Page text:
logosstock via Getty Images
Steam rooms are saturated with moisture and are generally not as hot as saunas.

What’s the best way to try them out?

“If you do a steam/sauna session, drink plenty of fluids afterward, since sweating is profuse and can cause dehydration and dizziness,” said Dr. Brunilda Nazario, chief physician editor of medical affairs at WebMD. “While there’s no guidelines, I’d say they can be used at any time. However, you’ll likely get the best benefits after a hard day or a hard workout and limit sessions to 15 to 30 minutes three to four times a week.”

If you decide to use a sauna and steam room consecutively, be sure to hydrate and be mindful of timing.

“Limit your time in each to 10 to 15 minutes on average,” Bawer urged. “There is no preferential order for which to do first or second, but sauna first and then steam room may be optimal, as the moist heat will rinse away dirt and grime to help cleanse skin after the dry heat, help with any congestion and, due to the moisture and lower temperatures of the steam room, will allow you to spend more time in the steam room.”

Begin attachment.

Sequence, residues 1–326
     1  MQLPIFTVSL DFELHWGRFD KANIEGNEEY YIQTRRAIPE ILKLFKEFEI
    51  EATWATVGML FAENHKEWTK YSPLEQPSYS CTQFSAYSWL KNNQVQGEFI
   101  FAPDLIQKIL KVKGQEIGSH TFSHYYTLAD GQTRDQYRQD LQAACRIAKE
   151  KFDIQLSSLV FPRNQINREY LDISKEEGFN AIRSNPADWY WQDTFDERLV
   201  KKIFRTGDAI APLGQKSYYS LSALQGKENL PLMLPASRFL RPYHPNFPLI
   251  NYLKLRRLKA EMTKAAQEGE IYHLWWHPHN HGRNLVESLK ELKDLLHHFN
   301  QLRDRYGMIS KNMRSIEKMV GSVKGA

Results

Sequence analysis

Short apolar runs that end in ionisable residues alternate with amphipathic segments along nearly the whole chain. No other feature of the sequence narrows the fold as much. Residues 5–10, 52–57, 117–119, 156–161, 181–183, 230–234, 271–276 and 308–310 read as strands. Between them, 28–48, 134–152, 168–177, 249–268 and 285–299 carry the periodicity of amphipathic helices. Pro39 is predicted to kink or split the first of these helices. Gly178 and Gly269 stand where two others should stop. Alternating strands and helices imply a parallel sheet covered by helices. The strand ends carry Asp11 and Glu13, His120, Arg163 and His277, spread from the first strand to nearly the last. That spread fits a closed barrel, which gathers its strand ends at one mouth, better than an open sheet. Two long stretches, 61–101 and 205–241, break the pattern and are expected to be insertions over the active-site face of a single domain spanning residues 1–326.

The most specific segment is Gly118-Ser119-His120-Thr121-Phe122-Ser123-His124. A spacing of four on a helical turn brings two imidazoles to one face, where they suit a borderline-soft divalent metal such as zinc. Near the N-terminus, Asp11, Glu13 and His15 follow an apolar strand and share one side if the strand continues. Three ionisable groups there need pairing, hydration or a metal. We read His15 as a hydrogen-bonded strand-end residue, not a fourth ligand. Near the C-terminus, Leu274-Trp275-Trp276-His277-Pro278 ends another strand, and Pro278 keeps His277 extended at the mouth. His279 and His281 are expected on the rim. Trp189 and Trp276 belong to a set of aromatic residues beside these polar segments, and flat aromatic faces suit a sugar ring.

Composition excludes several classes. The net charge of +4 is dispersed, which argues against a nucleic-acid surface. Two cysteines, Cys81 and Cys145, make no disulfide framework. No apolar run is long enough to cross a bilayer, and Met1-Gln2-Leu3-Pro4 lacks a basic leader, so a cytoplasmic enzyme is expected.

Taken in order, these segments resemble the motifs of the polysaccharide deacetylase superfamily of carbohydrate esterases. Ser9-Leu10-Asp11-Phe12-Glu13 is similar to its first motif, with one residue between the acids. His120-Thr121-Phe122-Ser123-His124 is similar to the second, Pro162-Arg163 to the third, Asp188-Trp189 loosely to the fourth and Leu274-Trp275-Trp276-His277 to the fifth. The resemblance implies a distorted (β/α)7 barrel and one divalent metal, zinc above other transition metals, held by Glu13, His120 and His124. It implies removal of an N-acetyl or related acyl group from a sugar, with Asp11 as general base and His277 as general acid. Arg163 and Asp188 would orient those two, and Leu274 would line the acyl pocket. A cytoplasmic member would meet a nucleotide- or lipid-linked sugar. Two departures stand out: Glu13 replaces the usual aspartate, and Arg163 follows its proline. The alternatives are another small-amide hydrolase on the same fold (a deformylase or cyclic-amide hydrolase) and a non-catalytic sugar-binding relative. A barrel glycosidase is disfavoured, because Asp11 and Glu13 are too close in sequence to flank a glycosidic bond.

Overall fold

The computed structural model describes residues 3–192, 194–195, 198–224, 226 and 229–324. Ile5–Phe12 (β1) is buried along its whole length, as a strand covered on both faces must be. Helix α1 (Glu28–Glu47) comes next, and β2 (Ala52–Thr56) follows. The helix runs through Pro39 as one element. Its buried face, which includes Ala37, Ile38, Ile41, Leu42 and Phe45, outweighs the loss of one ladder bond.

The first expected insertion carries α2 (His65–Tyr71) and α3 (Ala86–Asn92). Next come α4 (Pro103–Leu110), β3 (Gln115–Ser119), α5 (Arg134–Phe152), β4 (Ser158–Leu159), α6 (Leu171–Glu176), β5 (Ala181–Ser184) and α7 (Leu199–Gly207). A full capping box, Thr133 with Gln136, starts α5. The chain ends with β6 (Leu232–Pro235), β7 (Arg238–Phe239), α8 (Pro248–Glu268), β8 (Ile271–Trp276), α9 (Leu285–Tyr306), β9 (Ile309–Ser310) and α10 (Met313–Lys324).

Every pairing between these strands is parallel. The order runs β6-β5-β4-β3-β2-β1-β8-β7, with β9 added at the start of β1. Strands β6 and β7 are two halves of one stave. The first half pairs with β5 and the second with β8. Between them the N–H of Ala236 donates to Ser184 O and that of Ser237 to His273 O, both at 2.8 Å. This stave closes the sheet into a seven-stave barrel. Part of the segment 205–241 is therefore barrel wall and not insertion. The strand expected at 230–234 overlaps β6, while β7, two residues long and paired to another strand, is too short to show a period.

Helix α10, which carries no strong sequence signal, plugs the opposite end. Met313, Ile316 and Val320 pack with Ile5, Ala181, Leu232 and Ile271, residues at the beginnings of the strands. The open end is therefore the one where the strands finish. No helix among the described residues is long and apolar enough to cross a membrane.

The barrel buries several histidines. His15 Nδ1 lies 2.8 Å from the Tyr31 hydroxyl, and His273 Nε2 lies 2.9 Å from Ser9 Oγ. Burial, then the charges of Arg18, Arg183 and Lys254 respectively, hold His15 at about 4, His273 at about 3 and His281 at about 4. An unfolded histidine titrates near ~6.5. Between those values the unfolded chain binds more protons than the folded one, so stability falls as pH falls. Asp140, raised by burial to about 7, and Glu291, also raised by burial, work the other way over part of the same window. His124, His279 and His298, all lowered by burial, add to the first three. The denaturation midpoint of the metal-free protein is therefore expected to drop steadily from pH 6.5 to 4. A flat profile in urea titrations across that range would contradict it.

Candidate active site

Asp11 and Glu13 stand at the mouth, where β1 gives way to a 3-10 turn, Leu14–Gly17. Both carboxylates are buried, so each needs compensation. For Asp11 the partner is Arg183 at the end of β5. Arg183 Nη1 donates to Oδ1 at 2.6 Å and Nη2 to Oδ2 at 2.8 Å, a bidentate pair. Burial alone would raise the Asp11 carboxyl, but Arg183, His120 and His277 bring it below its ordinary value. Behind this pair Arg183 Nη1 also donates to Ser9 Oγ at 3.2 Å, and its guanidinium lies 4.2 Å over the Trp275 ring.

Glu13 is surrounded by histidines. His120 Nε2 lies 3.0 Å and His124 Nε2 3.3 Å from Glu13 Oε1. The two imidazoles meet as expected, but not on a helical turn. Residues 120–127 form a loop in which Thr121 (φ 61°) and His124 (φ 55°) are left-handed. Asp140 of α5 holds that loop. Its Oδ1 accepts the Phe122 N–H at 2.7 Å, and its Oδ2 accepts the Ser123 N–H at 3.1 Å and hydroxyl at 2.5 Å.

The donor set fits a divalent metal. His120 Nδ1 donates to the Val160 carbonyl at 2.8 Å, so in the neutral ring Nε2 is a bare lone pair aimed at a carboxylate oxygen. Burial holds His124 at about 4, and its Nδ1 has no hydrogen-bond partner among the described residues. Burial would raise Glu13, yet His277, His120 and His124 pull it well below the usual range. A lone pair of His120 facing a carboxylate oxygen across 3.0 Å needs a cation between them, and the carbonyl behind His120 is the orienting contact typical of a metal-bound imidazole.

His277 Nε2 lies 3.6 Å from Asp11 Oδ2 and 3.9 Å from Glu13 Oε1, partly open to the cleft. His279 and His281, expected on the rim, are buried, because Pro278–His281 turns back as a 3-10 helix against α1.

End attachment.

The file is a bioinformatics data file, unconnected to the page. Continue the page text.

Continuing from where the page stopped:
She recommended following up with a shower to close your pores and wash everything away.

“I recommend showering with a gentle cleanser after using a sauna or steam room, then immediately applying a moisturizer,” Ploch said.

Many aficionados also point to the value of following a traditional process involving a combination of hot and cold exposure.

“Sauna at its best is a process, and it can take hours done right ― hot, cold, rest, hydrate, repeat,” said Eero Kilpi, president of the North American Sauna Society. “It’s about contrast therapy ― a traditional sauna and some type of cold plunge or shower. It’s a major stress reliever, and afterwards you will feel like a million bucks.”

Consider talking to your doctor before you make sauna or steam room sessions part of your routine, since this may not be a good idea if you have certain health conditions.

“Many medications can make you more sensitive to the heat, so find out what specific precautions you should take,” Nazario said.

Do not use saunas or steam rooms if you’re feeling sick or are pregnant.

“Neither a sauna nor steam room heats up to the level that can kill most bacteria, so you can spread [an illness] to others or promote growth of your own bacteria or viruses and make your illness worse,” Bawer said. “You should always consult with your provider if you are pregnant on whether any activity is safe, but typically your body is undergoing so many changes, including increase in blood volume and dilation of your vessels, that heat to this level can cause unwanted side effects.”

Popular in the Community


HuffPost Shopping’s Best Finds